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The moon has two faces. This cosmic crash can be why

Ours is a moon with two faces: the near side has a thinner and softer crust, while the farce crust is thicker and dotted by impact craters that are left almost undisturbed by lava flows.

The irregularities have scientific scientists for decades, and in a new paper, researchers use models to explore what may be possible explanations for the sharp differences. They claim that these characteristic sides can be the result of a giant percussion that strikes the moon and leaves a massive crater all around.

"The detailed gravity obtained by GRAIL has given new insight into the structure of the moon cross below the surface," said Meng Hua Zhu, a co-author of the new paper and a researcher at Macao University of Science and Technology in China in one statement released by American Geophysical Union, which publishes

Related: How the Moon was formed: 5 Wild Lunar Theories

The giant influence proposed by the researchers here would be just one in a long series of multi-collision collisions. One of the two current theories of what formed the moon in the first place is another, even greater influence ̵

1; which would explain why the earth and the moon seem to be made of identical conditions by different tastes of each element.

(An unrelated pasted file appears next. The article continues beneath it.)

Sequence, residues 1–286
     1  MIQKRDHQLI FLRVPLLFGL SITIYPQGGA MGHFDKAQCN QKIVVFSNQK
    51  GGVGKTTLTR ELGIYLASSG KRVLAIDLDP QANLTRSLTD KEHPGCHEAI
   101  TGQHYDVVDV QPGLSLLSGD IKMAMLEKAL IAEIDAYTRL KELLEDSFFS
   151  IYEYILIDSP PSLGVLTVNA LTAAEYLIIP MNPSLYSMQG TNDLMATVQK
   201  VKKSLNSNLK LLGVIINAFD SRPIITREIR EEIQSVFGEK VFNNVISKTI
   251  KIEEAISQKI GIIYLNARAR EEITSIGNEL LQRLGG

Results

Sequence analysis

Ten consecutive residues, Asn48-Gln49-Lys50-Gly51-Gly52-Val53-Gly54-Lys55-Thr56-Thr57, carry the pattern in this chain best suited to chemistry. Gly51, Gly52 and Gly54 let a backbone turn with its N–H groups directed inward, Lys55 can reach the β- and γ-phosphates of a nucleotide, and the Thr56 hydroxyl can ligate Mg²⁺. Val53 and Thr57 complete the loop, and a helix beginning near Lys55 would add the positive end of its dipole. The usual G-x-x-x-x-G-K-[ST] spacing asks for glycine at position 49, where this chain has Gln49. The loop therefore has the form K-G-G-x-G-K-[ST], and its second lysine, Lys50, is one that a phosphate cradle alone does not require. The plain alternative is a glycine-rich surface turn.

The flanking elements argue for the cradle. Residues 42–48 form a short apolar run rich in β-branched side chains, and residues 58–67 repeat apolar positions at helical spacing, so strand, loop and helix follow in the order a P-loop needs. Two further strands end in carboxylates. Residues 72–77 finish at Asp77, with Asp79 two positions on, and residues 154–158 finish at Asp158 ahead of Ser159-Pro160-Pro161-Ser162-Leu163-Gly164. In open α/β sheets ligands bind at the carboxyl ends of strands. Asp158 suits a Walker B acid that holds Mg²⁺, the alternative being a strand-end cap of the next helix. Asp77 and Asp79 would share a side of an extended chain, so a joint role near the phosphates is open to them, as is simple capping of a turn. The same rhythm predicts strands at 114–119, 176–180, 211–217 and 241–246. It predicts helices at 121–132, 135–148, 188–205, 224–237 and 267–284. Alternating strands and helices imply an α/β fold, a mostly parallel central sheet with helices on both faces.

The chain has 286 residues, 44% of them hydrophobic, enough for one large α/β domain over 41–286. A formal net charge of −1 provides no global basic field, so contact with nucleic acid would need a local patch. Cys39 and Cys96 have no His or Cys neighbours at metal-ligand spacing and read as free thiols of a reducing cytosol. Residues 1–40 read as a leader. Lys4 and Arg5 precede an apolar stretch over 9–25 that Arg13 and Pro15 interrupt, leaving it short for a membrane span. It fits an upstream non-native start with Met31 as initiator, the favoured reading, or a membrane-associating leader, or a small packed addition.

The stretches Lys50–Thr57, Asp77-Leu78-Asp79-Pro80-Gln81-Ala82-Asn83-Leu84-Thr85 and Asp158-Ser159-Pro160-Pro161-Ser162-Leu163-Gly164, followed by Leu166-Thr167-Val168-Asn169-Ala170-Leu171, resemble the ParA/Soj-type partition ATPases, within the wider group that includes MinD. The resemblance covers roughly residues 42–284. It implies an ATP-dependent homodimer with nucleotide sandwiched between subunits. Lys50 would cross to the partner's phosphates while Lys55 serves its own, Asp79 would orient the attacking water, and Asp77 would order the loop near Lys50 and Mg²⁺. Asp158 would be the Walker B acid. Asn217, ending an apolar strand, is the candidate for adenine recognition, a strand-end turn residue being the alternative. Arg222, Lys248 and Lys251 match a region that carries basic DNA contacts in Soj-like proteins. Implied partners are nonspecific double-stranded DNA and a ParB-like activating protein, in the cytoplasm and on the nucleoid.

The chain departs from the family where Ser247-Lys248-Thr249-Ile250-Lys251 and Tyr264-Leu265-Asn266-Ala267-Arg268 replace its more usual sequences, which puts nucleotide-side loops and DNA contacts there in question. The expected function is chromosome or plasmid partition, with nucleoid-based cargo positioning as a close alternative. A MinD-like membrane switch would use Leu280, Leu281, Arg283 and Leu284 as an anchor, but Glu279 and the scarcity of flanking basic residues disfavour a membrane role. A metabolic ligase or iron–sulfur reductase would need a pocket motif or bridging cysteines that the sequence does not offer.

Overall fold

This close-by-side influence would have come later, but still relatively early in our history. The researchers modeled 360 different collisions and compared all results to what we know about the moon today. That work suggests that an object such as the size of the great asteroid Ceres – 500-560 miles (800 to 900 kilometers) over could have done the trick.

Such an object would have had to arise fairly close to the two objects that originally collided to form the earth and the moon – to keep these elemental relationships so close. But the effect the scientists write could have left a crater extending 3,500 miles over the moon's surface and covering essentially the entire near side.

In their models, the hypothetical collision took on a number of differences between the two sides of the moon, including the extra layer that gives the thickness of the farce – which would have been formed by debris from the effect falling into a layer of 3 to 6 mils (5 to 10 km) thick.

If the research continues, it may shift other pronounced explanations, such as the idea that the earth originally had two minor, distinctive moons that collided to form the modern two-sided moon.

Researchers are hoping to set up their models with data from current and future moon missions, including China's Chang & e-4 mission which landed on the moon's outermost side in January.

The research is described in a pa per published Monday (May 20) in the journal JGR Planets.

Email Meghan Bartels at mbartels@space.com or follow her @meghanbartels . Follow us on Twitter @Spacedotcom and on Facebook .

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